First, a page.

By Phillip Swann
The TV Answer Man –@tvanswerman
Former Sony employee. Author of TV Dot Com.

TV Answer Man, it seems like no one is doing native 4K sports live anymore. Why is that? Is it just because it’s more expensive. And if so, why is it more expensive? — Eddie, San Francisco.
Eddie, you’re right. Fox, NBC and even ESPN is doing upscaled 4K sports broadcast these days as opposed to a native 4K production. For those not familiar, native 4K means the event is shot in 4K and transmitted to the home in 4K. Upscaled 4K means the event is shot in 1080p but upscaled to 4K for the home transmission. While upscaled 4K is normally a significant improvement over HD, it doesn’t deliver a picture as clear and detailed as native 4K. So why don’t the networks offer native 4K, knowing that it would provide a better picture for its viewers? It’s all about the money.

Native 4K Cameras & Equipment Cost More

One of the primary reasons why live native 4K broadcasts are more expensive is the investment required in camera and production equipment. Native 4K broadcasts demand top-of-the-line cameras capable of capturing content in true 4K resolution. These cameras are not only more expensive to purchase but also require regular maintenance and updates to ensure they meet the highest industry standards.

Native 4K Requires More Bandwidth

Native 4K broadcasts require an enormous amount of bandwidth to transmit the higher-resolution content in real-time. This translates to increased costs for data transmission, satellite uplinks, and streaming services. Moreover, the need for massive storage solutions to handle the large 4K files further escalates expenses. In contrast, live upscaled 4K broadcasts, being based on HD content, have lower bandwidth and storage requirements, making them a more cost-effective choice.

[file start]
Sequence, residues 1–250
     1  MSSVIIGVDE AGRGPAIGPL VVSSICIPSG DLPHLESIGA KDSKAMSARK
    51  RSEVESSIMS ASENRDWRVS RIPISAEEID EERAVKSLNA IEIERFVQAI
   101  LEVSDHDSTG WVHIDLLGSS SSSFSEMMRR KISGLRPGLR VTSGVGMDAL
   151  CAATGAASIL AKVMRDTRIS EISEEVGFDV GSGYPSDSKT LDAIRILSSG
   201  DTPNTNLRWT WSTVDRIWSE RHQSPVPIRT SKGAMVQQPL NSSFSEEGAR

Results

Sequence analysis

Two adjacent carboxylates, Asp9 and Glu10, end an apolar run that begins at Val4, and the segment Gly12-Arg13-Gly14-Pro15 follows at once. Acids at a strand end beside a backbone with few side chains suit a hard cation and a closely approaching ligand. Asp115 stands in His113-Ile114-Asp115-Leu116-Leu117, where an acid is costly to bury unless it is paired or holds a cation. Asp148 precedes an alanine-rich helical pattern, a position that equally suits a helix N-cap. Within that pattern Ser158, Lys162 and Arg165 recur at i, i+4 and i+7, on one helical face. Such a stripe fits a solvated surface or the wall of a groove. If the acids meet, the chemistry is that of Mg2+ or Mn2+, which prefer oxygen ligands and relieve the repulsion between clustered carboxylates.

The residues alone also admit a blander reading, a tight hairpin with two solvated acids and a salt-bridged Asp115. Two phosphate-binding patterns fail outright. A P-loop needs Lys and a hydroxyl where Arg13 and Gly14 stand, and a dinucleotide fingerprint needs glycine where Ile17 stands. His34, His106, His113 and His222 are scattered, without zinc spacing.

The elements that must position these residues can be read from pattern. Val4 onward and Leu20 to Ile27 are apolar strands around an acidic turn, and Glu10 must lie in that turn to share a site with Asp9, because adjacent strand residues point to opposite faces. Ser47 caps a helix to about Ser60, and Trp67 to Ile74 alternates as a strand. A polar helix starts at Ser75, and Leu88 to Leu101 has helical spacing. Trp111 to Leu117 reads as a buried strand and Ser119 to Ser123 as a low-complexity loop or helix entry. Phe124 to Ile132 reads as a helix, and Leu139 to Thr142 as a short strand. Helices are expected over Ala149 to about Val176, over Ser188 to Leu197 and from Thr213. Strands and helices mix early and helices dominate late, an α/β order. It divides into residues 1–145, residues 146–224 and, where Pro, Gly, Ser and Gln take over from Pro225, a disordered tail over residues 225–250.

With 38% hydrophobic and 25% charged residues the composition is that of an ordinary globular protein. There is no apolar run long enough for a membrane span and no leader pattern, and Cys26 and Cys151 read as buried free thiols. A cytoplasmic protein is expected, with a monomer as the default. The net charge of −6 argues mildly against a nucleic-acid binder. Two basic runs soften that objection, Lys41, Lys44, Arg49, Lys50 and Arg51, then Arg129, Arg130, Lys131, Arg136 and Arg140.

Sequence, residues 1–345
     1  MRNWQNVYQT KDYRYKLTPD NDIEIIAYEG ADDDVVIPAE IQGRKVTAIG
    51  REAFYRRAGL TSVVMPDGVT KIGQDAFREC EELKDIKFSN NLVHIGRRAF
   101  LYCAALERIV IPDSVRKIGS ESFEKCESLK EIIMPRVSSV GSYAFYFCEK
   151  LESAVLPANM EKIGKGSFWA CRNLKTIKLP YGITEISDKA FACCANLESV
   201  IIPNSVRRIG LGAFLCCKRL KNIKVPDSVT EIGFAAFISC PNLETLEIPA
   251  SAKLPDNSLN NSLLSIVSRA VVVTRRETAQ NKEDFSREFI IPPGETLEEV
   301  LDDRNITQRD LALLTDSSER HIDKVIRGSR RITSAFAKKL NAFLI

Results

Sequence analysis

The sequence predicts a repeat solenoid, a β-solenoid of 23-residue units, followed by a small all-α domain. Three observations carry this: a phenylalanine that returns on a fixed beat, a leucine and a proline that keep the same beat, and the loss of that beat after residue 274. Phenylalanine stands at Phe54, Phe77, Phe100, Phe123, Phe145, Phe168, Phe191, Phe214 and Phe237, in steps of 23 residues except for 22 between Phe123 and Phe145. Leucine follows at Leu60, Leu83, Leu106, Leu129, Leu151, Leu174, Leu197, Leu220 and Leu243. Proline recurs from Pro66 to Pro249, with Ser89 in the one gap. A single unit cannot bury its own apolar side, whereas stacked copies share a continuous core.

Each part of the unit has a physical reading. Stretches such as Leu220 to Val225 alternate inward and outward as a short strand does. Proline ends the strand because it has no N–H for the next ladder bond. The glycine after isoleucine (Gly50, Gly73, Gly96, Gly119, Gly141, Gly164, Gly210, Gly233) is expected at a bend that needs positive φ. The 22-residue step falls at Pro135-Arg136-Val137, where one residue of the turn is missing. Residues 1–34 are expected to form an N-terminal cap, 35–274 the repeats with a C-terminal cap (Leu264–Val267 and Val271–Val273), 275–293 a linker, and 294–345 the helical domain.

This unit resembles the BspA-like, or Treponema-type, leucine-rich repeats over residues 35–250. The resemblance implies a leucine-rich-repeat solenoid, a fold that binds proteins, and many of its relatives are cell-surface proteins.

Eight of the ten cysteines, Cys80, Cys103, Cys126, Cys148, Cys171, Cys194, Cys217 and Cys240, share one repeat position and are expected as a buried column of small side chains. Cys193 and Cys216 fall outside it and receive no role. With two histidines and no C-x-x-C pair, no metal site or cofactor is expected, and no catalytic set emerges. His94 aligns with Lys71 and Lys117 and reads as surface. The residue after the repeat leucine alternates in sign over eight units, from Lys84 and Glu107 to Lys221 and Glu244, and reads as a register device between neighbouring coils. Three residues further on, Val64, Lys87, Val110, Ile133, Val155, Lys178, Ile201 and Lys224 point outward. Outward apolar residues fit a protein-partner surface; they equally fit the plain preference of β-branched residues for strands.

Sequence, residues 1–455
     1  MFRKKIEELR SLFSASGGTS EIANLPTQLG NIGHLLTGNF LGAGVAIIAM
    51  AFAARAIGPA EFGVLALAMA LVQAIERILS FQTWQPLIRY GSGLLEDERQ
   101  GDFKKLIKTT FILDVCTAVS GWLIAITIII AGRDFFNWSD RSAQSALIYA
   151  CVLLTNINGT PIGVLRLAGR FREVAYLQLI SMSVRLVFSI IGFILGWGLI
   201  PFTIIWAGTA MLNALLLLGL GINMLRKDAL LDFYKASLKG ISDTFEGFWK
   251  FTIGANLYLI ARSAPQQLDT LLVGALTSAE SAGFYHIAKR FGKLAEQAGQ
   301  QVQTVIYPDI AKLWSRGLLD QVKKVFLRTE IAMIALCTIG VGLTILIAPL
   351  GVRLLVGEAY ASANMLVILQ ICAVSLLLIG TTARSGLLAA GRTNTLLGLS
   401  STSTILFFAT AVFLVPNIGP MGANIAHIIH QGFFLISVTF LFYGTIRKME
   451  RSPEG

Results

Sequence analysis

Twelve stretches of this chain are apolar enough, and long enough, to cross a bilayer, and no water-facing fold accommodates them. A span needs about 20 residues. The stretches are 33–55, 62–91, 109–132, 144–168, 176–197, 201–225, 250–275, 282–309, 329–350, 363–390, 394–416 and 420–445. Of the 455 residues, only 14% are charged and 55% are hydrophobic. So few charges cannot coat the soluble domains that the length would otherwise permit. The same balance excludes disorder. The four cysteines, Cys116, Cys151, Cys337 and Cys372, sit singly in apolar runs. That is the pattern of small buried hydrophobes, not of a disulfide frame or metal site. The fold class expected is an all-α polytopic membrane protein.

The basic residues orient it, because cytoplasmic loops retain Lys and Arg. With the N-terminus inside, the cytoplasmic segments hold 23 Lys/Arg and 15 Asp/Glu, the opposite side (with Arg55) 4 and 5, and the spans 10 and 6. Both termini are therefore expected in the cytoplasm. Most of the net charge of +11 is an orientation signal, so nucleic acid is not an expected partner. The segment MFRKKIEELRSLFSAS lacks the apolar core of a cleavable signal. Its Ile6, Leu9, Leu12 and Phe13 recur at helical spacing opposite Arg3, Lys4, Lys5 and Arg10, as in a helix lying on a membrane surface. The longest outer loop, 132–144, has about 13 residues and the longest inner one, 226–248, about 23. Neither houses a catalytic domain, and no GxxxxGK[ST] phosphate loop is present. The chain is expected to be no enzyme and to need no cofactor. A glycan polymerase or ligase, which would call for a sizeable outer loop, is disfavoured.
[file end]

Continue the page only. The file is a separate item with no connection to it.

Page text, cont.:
Native 4K Requires More Skilled Workers

Producing live native 4K broadcasts demands a specialized and skilled workforce that is proficient in handling the intricacies of 4K production. This includes camera operators, video engineers, and post-production teams experienced in 4K editing and color grading. The higher level of expertise required inevitably results in higher labor costs.

Native 4K Requires Expensive Upgrades

To support native 4K broadcasts, TV networks must invest in upgrading their entire infrastructure. This includes replacing or enhancing routers, servers, and editing systems to handle the increased data load. These upgrades are not only capital-intensive but also require time and resources to implement seamlessly.

Eddie, hope that helps. Happy viewing and stay safe!

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The TV Answer Man is veteran journalist Phillip Swann who has covered the TV technology scene for more than three decades. He will report on the latest news and answer your questions regarding new devices and services that are changing the way you watch television. See the bio for Phillip Swann here.